The Ikea in Ashton can be seen from space


The spider was soon covered in a corrugated coat, and for the first time Ray could get a sense of how large the building was, dominating the town in a way that he’d not expected. Wherever he ended up for the night, he could look up, and there it was. He kept away, convinced he had nothing to gain from it.

On the day that it opened, he stood on a traffic roundabout with a bottle of strong cider, watching the endless traffic jam approaching the monstrosity. He had only the vaguest idea what Ikea was. He knew it sold furniture, but since Ray’s last set of furniture had been donated hand-me-downs, he couldn’t envisage the kind of world that required such a large furniture shop.

As the nights got colder, he found himself thinking about Ikea more and more. He could not get it out of his head, yet he knew it was not for him. As Christmas approached, the cars kept coming until late into the evening. Like an urban fox, both terrified of people but thinking he might find something of use where people had been, he edged nearer.

It was spring before he made his move. He’d cleaned up a little, and, because of what had happened with the fire, he had been offered a little council-run bedsit – nothing special, but clean, with hot and cold water, a little stove on a ledge, and a tiny refrigerator. No longer having to stay out at night, his health improved, and he was able to regulate his drinking to a few hours each day.

He still ate out most of the time; a few coins bought quite a lot in Ashton. He begged some better clothes from a charity shop that was moving premises. Each of these small improvements was not done lightly, but was done, in some unconscious way, to make his relationship with the giant store an easier one.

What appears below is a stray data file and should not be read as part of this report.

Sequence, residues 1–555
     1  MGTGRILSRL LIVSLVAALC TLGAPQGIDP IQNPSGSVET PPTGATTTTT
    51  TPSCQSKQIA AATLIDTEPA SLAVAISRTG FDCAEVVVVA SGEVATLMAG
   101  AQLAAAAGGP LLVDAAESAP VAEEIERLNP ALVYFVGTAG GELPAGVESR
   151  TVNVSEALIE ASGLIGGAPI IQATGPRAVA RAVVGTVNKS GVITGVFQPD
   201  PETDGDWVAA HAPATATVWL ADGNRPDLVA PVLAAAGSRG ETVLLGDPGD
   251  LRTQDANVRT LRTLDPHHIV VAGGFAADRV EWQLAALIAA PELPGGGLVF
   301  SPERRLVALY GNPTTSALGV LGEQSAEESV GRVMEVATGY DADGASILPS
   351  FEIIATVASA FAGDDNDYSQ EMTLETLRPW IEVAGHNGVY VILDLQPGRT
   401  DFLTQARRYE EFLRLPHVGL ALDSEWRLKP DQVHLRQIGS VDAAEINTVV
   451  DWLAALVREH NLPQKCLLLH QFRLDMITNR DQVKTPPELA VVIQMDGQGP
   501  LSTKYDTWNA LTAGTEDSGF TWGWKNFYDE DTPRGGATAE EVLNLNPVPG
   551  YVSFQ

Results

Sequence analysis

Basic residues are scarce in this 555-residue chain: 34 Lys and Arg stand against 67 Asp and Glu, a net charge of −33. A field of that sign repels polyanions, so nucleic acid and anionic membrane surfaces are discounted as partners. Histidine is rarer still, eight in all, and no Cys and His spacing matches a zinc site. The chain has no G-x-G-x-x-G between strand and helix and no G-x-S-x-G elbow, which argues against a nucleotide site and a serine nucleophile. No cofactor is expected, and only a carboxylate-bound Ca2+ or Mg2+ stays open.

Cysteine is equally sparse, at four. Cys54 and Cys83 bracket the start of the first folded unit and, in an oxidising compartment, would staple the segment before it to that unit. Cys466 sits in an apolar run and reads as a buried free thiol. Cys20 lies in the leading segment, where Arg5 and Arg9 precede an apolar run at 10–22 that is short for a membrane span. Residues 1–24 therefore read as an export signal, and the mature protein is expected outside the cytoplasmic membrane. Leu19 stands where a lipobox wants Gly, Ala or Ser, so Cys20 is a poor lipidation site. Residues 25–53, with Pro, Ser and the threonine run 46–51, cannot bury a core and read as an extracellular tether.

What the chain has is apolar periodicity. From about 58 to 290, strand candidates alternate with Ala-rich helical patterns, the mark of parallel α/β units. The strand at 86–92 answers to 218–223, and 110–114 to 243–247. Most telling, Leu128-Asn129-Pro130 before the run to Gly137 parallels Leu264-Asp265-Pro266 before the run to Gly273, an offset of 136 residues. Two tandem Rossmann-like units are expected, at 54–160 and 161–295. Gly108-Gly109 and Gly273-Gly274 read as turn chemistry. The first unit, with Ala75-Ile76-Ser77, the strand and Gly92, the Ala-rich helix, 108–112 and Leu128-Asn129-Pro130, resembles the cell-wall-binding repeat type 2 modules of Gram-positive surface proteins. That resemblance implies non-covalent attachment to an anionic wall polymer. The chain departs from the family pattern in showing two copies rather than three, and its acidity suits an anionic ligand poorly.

One day he crossed the Ikea car park, and walked slowly through the main doors. Inside it was like an indoor town, but instead of people living there, it was for passing through; a dozen bathrooms next to each other, unplumbed, open plan. He went a little way into the store before hesitating and edging back out as if he’d forgotten something.

Near the entrance he saw there was a blue and yellow sign pointing towards a restaurant. He realised he was a little hungry. He had a few coins in his pocket. Perhaps enough for a cup of tea at least.

The restaurant was vast, but hardly seemed busy at all. Different food and drink stations were strategically positioned away from the tills. In the centre was a raft of plastic trays. There were signs indicating the day’s ‘specials’. You could get a fish and chips cheap between two and five, or a bargain breakfast before eleven. Most of all, he could smell meatballs.

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2 Responses to “The Ikea in Ashton can be seen from space”

  1. April 12, 2010 at 9:44 pm, Joel said:

    I thought Ray was well-realised and thought the 2310 ‘epilogue’ felt plausible, but I was disappointed Ray did not reappear.

  2. April 26, 2010 at 2:51 pm, Adrian Slatcher said:

    Thanks for reading, and for the comment. Good point – I wonder what happened to him after his visitation?


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